Why the 5-Day Isolation Period for COVID Makes No Sense
New research suggests that the recommended 5-day isolation period for patients with COVID-19 is too short. Five days is the length of time recommended for isolation by the CDC, which cut that time from 10 days and eliminated a requirement for a negative antigen test to end isolation.
Many individuals are symptomatic, and many people test positive long after that point, Yale School of Medicine’s F. Perry Wilson, MD, MSCE, said in a Medscape commentary. Wilson pointed to a study in JAMA Network Open of 248 vaccinated student athletes with COVID-19 at an NCAA Division I school who were put into 7-day isolation and given antigen tests at the end of that period.
The results: Some 27% of the athletes tested positive in an antigen test after isolation for 7 days.
Testing positive: More than half of those positive on day 7 tested positive again on day 8, and more than half of those tested positive again on day 9. By day 10, they were released from isolation without further testing.
No Effect of Diet on Dementia Risk?
A healthy diet, including the Mediterranean diet, does not reduce dementia risk, according to new research. The study in Neurology contradicts prior studies into dietary habits and their effect on dementia risk, which had inconsistent results.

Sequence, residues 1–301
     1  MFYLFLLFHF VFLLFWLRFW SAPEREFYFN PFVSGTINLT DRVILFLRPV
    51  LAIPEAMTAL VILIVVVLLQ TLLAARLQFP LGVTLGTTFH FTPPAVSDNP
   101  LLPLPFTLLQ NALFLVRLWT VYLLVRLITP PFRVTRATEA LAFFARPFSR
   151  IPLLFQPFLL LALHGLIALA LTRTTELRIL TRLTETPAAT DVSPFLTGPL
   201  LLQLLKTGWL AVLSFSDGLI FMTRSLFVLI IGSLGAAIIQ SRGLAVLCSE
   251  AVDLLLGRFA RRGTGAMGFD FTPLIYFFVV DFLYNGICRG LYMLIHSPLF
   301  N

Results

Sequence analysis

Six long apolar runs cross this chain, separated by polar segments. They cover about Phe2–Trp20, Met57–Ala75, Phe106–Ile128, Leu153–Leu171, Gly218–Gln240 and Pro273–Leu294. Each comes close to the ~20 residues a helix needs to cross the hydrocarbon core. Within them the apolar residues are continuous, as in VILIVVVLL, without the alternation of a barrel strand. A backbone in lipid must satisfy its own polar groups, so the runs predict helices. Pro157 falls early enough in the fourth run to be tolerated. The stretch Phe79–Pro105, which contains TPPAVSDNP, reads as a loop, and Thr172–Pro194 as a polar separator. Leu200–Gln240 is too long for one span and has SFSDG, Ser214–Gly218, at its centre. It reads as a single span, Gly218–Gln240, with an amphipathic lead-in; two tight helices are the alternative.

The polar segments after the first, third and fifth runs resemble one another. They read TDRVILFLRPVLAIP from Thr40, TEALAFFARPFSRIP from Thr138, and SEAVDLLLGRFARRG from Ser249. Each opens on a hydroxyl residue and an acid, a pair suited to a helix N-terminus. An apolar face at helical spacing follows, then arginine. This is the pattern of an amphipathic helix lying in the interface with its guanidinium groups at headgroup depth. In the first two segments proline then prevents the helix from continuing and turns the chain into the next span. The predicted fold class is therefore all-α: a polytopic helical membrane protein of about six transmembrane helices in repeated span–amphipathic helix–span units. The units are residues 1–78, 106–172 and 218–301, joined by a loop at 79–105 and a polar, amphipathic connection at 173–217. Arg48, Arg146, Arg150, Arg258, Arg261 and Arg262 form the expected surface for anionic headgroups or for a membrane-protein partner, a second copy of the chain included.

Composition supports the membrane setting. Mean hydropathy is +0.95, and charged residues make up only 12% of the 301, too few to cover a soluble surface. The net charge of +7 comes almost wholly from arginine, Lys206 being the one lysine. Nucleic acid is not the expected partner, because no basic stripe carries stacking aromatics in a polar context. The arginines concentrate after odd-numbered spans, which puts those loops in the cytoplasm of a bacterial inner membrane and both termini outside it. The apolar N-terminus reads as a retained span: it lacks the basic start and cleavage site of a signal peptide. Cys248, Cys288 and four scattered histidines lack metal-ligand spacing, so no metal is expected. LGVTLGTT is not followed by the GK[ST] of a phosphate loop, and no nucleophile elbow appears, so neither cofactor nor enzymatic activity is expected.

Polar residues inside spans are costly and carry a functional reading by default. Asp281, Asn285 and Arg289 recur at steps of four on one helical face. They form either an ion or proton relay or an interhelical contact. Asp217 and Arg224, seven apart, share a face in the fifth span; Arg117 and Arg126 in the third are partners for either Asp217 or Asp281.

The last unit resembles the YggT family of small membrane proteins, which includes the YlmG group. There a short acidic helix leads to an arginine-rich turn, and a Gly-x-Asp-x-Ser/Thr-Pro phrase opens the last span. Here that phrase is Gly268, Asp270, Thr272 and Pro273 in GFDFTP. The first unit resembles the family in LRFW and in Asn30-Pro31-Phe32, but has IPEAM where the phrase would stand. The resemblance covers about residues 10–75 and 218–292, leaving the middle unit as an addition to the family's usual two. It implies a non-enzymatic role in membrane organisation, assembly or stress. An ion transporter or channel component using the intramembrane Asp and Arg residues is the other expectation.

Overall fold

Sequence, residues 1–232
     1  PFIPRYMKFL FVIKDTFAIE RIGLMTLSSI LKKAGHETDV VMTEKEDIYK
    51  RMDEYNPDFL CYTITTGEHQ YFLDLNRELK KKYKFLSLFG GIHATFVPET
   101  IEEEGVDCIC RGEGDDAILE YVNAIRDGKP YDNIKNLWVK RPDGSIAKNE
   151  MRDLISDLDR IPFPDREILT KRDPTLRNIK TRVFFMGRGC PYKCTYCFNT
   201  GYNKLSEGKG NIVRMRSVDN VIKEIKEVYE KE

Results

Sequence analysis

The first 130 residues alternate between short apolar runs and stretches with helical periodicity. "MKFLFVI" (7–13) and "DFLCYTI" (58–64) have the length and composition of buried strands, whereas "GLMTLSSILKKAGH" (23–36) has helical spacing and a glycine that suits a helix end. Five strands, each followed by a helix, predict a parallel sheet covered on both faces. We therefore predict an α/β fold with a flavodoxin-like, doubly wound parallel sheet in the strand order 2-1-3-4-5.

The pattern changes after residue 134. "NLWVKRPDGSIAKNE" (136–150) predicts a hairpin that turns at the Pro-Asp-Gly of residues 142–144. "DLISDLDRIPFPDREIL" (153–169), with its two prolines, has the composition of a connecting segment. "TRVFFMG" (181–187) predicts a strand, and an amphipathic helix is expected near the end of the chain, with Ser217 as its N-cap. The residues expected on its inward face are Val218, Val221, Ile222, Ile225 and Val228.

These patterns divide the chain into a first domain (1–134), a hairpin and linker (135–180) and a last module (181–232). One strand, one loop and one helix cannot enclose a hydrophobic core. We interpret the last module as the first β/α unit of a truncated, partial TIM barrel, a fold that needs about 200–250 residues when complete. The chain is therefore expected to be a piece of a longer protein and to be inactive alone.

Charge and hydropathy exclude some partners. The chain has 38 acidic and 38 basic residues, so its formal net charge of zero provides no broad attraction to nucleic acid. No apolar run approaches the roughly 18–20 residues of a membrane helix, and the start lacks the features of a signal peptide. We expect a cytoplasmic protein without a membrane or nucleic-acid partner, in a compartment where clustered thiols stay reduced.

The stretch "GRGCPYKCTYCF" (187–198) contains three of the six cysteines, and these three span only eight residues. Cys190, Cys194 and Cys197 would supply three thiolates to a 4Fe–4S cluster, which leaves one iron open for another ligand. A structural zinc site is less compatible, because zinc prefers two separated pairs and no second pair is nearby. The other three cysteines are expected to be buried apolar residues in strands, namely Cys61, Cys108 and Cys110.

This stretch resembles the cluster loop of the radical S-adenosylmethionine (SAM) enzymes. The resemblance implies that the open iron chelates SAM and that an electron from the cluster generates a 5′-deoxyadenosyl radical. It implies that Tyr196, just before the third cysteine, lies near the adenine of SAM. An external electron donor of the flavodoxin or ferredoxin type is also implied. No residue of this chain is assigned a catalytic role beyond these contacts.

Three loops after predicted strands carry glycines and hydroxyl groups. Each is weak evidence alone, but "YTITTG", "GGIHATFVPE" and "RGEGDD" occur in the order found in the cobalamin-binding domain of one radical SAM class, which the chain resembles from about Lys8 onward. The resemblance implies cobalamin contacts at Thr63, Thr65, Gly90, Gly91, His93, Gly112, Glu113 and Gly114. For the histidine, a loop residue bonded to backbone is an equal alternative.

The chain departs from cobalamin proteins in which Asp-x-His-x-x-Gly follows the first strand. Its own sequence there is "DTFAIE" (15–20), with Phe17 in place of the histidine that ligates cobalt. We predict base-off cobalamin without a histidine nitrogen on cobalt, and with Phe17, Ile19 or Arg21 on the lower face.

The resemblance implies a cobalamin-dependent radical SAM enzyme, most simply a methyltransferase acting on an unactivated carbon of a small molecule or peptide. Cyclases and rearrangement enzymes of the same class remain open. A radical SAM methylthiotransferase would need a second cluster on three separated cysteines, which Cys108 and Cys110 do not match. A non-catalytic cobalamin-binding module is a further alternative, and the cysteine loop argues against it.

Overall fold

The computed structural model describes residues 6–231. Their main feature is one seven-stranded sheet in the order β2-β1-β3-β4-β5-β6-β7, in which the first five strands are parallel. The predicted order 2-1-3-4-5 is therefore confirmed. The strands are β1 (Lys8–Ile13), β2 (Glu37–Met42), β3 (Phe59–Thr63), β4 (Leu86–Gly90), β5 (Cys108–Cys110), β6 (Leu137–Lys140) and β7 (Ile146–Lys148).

The study looked at 28,025 adults without dementia over a 20-year period as part of the Swedish Malmö Diet and Cancer Study. Researchers assessed food habits from 7-day food diaries, questionnaires, and interviews.
No association: The study found no association between healthy diets and the future risk for dementia or beta-amyloid accumulation after adjusting for demographic and other lifestyle factors.
Risk factors: Those who developed dementia were older, had a lower level of education, and had more cardiovascular risk factors and comorbidities.
Addiction Drug Shows Promise in Lifting Long COVID Brain Fog, Fatigue
Researchers are looking at a drug used to treat addiction to see if it can treat long COVID, Reuters reports. Naltrexone, a generic drug typically used to treat alcohol and opioid addiction, has also been used to treat patients diagnosed with myalgic encephalomyelitis/chronic fatigue syndrome (ME/CFS), a complex postinfectious syndrome marked by cognitive deficits and overwhelming fatigue that is similar to long COVID.
At least four clinical trials are planned to test naltrexone in hundreds of patients with long COVID, according to a review of Clinicaltrials.gov and interviews with ME/CFS and long COVID researchers.
Short listed: The drug is on the short list of treatments to be tested under the US National Institutes of Health’s $1 billion RECOVER Initiative, which aims to uncover underlying causes and find treatments for long COVID.
Why it’s promising: Naltrexone has anti-inflammatory properties and has been used in low doses for years to treat conditions such as fibromyalgia, Crohn’s disease, and multiple sclerosis.
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